You say, "Assume D&D style Magic", so I'm going to assume as well that magic is learn-able by anyone (with a sharp enough mind and a teacher or tome to learn from) so basically, magic in this system is a bit like technology in the modern world, in that anything that can be used by a Security agent or Locksmith to secure something or legitimately bypass such security can be suborned by thieves to illegitimately bypass security.

Often, in D&D and similar games, when I play any sort of rogue/thief character I take either a level dip or a class feature to allow me some small amount of spell casting. Detect Magic and Knock are very useful for a thief who wishes to burgle a Wizard.

So basically, I'm saying, In a setting where Magic is common enough to be an ever-present concern to a career thief/burglar, they will be exactly as cautious as they would be in a setting without magic, it's merely that the focus of their concern will shift slightly and their tools will change to fit the setting.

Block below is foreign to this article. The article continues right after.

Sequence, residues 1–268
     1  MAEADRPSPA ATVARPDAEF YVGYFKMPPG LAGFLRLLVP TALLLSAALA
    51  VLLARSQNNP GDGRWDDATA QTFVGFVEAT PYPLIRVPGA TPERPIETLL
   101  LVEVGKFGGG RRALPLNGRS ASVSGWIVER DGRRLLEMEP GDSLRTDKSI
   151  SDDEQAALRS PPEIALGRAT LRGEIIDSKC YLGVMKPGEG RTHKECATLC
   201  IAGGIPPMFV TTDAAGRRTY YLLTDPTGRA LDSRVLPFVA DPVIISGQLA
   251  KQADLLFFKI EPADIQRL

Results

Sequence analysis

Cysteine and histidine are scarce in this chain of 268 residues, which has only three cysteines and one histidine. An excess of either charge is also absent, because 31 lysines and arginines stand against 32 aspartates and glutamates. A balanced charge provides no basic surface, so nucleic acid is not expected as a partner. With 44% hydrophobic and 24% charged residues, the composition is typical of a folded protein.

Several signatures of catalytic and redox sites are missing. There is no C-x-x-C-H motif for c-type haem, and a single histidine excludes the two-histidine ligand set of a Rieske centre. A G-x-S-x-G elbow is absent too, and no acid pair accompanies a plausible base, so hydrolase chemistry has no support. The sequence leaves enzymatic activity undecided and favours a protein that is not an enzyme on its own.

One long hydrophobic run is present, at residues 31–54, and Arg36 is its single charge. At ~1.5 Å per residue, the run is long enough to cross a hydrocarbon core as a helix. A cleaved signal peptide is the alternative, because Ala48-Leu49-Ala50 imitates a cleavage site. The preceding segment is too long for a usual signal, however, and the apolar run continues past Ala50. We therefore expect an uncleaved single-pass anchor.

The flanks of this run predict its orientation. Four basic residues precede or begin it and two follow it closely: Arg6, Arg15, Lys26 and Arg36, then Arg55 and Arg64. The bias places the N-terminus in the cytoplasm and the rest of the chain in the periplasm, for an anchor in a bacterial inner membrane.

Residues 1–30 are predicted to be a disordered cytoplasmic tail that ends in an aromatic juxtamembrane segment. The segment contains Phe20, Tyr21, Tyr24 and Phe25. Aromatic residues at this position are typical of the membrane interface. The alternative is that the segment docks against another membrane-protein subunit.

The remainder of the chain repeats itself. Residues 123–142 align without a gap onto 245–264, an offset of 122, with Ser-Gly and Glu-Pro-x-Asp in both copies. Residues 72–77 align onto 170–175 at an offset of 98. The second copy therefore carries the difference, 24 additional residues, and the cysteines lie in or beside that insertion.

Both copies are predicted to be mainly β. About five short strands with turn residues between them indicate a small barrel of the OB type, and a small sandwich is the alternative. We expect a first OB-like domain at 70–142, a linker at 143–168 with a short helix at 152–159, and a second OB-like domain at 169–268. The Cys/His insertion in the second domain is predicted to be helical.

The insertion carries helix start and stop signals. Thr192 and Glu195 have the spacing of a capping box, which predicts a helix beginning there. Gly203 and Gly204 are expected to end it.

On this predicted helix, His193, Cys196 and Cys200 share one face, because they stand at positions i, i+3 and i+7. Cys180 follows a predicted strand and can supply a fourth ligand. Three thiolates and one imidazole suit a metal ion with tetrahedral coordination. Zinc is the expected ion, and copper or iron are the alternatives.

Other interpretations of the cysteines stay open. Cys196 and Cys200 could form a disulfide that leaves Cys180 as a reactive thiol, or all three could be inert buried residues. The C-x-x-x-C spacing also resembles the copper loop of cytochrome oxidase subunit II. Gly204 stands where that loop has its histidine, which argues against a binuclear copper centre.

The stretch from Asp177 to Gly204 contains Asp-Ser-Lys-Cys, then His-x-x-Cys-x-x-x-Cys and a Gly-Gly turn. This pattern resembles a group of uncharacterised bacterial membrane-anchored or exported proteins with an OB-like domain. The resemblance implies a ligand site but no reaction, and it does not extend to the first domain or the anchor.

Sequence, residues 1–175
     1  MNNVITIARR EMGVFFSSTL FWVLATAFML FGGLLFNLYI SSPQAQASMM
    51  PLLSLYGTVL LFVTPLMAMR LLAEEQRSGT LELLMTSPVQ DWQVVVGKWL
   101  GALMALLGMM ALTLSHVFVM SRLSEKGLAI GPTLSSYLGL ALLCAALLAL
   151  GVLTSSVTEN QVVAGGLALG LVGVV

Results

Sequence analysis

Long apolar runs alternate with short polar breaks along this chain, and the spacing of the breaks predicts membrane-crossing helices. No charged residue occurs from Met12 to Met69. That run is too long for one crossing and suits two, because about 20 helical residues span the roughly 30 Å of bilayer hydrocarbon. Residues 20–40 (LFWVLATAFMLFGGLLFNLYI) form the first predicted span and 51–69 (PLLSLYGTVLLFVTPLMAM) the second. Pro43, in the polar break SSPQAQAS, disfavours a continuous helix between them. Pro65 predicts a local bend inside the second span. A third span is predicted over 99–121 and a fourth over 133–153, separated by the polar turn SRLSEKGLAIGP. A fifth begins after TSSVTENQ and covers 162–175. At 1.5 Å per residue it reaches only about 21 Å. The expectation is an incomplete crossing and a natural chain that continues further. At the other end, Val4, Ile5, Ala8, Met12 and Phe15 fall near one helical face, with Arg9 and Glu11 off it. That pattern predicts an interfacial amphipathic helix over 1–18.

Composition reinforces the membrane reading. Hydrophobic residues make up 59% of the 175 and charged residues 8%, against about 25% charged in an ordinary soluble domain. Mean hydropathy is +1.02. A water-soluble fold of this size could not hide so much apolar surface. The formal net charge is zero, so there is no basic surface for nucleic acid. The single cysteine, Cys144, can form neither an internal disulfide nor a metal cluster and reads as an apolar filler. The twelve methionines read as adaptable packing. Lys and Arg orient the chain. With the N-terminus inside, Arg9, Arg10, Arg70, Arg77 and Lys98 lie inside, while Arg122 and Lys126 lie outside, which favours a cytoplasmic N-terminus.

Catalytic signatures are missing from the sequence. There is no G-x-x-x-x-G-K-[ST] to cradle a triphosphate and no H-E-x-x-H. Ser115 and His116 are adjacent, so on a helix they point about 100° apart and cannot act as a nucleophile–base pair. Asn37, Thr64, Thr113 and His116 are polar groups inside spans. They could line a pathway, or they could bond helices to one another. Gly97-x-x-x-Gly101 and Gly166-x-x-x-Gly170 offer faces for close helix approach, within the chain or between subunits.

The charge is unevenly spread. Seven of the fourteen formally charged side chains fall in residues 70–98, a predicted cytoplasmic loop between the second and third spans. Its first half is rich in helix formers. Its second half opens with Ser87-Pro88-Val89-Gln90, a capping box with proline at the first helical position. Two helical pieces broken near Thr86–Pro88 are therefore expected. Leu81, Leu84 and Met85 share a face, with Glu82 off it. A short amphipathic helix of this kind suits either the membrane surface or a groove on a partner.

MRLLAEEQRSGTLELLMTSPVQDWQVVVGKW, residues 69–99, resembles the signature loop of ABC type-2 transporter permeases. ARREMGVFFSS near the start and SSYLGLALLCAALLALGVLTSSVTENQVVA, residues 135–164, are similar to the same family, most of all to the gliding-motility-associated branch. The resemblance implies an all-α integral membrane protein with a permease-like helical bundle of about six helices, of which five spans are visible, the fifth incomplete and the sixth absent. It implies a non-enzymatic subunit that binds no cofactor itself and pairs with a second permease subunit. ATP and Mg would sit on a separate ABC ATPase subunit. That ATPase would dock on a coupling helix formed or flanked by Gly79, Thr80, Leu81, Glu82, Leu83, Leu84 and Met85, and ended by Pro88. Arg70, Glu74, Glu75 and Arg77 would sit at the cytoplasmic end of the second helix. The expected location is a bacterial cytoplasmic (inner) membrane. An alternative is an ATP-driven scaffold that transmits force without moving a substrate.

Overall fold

Any thief planning to steal, for example, the Eye of Unspecified Deity, a perfect princess cut diamond the size of a regulation Fifa Soccer ball from whoever the heck owns it is going to take the same basic precautions.

1) Scout the building, know the layout.

2) Learn the security measures.

3) Prepare countermeasures and an escape route.

If the setting is high tech and the security is laser grids and pressure plates that means canned fog and a suspension rig. If the setting is high Magic and the security is a chained gorgon, some contingency triggered Lightning bolt spells, and a poisoned arrow trap, that means a mirror shield, some resist lightening charms, and a couple healing potions and antidote potions.

The basic setup is the same, just the details vary with the job.